A dragline bench failure incident recently occurred at a major Queensland Mine resulting in operators scrambling to safety.
In a brief obtained by AMSJ, the Queensland Mines Inspectorate reported that during dragline operations at a Queensland mine, a dragline bench failed and the machine listed towards the pit void.
The Queensland mines inspectorate said that “The speed of failure prevented the operators from moving the dragline to the stable ground; requiring them to evacuate to safety.”
In its’ finding released exclusively to the industry, it said that the bench was constructed on an unsuitable base material.
Failure planes reportedly developed below the bench material and were not identified by the mine.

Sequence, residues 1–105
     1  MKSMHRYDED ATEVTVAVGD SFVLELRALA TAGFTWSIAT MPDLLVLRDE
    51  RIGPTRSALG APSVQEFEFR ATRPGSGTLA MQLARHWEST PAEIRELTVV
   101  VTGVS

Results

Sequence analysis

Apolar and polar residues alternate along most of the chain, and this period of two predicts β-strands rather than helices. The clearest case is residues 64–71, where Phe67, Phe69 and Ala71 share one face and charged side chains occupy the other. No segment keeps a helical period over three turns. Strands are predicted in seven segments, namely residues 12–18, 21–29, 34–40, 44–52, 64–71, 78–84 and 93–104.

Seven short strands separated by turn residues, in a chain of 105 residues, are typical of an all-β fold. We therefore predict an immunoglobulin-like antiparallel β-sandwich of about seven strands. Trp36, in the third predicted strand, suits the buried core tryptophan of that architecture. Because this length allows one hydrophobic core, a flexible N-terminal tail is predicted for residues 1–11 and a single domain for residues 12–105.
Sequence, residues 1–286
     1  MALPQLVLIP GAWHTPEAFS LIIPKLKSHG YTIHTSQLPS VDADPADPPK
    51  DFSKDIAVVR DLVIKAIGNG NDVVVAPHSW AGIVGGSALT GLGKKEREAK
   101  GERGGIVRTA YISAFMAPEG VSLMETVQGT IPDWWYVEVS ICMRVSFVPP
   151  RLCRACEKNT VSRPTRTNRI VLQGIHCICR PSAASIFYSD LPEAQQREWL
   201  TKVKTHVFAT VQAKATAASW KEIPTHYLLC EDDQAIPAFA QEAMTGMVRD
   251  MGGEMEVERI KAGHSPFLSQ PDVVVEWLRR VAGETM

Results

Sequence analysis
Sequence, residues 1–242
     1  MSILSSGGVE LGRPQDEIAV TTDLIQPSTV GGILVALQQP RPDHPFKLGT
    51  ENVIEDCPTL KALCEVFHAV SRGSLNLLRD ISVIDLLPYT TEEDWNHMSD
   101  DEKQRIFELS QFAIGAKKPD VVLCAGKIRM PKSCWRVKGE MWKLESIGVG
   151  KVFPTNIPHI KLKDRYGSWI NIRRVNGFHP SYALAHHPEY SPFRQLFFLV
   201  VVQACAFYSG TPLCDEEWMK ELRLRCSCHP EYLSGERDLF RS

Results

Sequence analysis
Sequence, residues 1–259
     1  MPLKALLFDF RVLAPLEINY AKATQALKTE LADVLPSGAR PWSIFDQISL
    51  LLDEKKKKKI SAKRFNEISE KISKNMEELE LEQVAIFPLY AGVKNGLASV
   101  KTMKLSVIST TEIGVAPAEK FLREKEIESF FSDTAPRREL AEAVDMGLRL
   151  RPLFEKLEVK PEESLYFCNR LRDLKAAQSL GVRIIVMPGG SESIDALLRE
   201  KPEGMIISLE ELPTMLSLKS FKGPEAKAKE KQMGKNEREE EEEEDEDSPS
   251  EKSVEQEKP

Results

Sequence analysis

It has issued a number of recommendation for mines including that:
- Dragline operators should regularly check the integrity of their working benches;
- Work must not proceed until OCEs and geotechnical engineers have ensured and communicated to operators that pit floors and dragline benches are adequately prepared, constructed and maintained.
The Queensland Mines Inspectorate has not issued a public statement on this high potential incident.
A number of ground control incidents have occurred across the industry in recent months including the tragic death of mine worker David Routledge at the Middlemount Mine where his digger was buried in a wall failure at the mine and, Superintendent Craig Butler was engulfed by a wall failure at the Bootu Creek mine in the Northern Territory.
AMSJ highlights that this latest incident differs from the past engulfment incidents but once again reflects the importance of effective ground controls strategies within the industry.
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